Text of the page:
Simple Church Tithe?

Posted by on Feb 19, 2017 in Blog | 0 comments

Simple Church Tithe?

Recently, a blog post by John Piper about tithing the local church caught my attention for two reasons. First, John Piper stated that he would never say “you must give your tithe to my church.” I affirm this in regard to simple church and I appreciate this statement from one of the nation’s leaders in the legacy church.  Indeed, Piper points out in this article that the Bible offers no justification for a mandated 10% tithe to a local congregation.

Secondly, his comments about giving to the local church highlight one of the blessings, if not advantages, of giving in a simple church:

When we think about what churches need in order to survive and flourish, I think they need, roughly, a tenth of what their people have, and more. You can feel free to go beyond.

 

As for me, I give almost everything to the church. I feel so utterly indebted here and thankful here that what I give is almost all here. And then there are the little things I do. Little things at the door or for pro-life causes. I’m writing little checks here and there all the time. But the substance of my giving is at the local church.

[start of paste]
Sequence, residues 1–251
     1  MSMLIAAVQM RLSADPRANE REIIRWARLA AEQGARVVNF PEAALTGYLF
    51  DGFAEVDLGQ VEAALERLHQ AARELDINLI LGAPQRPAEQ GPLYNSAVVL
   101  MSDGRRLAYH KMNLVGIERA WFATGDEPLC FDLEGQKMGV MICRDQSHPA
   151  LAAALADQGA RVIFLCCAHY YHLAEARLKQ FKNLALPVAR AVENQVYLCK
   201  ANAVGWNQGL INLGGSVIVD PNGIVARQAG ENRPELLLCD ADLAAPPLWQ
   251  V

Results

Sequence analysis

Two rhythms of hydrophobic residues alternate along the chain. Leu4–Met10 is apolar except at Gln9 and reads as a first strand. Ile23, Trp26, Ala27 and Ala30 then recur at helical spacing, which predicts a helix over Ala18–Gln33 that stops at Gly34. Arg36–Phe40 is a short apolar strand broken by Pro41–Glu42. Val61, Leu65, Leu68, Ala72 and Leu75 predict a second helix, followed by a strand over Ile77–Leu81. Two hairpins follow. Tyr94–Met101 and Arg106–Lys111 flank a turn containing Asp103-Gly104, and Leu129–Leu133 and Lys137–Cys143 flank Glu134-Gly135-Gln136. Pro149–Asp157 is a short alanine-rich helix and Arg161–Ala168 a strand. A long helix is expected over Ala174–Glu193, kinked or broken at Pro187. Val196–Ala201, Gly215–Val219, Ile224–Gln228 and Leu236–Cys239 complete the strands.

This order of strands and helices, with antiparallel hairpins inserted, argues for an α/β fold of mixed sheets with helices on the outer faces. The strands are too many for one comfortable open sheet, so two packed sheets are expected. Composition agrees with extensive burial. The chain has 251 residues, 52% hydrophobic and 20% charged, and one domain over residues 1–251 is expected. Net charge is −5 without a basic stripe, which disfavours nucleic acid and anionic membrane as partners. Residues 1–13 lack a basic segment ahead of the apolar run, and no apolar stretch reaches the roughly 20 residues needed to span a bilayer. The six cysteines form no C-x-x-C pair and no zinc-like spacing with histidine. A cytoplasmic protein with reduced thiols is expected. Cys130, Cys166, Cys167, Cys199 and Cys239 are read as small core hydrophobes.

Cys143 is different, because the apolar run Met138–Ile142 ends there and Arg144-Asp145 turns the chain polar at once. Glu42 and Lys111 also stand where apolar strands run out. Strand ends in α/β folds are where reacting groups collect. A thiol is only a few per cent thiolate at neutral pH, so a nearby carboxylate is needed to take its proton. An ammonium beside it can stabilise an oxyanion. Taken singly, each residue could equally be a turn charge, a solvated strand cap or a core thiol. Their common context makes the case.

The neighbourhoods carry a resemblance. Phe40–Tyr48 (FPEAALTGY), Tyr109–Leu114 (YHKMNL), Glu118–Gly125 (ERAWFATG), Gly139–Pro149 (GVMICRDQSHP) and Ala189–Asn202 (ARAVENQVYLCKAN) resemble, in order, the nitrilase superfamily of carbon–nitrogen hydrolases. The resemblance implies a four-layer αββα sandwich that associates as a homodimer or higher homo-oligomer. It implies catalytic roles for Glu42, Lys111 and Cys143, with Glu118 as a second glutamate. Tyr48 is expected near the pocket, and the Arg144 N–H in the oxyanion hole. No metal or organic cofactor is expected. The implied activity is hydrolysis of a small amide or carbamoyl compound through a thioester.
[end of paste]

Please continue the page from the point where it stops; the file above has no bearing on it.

I would encourage someone to think through with a pastor what a good basis for giving at the church would be, and then encourage them to lavish everywhere else too.

A simple church requires nothing in addition to the giving and sharing of food, home, and time in order to survive and flourish.   When I “think through a good basis for giving,” the basis is always the same 0%.  In an individual simple church, there usually is no overhead cost.  People are free to lavish all there giving “everywhere else” as the Lord leads.  In fact, I attended a simple church meeting this past Sunday where they had an opportunity to give, but 100% of the gifts collected were going out the door to ministries in the city that serve those in need.

Do not misunderstand me.  I believe there is good coming from the tithes and offerings made by brothers and sisters in legacy churches.  I do not discourage giving to such churches.  This simple church planting ministry has been greatly blessed by a legacy church’s generosity over the years!  However, I do believe that “giving to your local church” is a stumbling block between many of our neighbors and Jesus.  The money local churches need to survive and flourish, as Piper points out, requires a lot of sacrificial giving on the part of the members.  This simply does not settle well with many of those around us outside as well as inside the church.

Those of us in simple church have the unique opportunity to help our friends see a different kind of generosity.  Let us make the most of the opportunity and model generosity that lavishes gifts on Kingdom needs around us!